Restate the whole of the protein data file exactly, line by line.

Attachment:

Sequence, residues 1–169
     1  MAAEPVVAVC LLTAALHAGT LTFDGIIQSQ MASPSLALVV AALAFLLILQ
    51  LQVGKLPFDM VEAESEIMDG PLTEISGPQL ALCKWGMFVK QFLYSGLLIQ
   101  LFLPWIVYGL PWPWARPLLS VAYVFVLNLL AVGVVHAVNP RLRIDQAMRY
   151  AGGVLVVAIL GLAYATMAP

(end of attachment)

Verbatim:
Sequence, residues 1–169
     1  MAAEPVVAVC LLTAALHAGT LTFDGIIQSQ MASPSLALVV AALAFLLILQ
    51  LQVGKLPFDM VEAESEIMDG PLTEISGPQL ALCKWGMFVK QFLYSGLLIQ
   101  LFLPWIVYGL PWPWARPLLS VAYVFVLNLL AVGVVHAVNP RLRIDQAMRY
   151  AGGVLVVAIL GLAYATMAP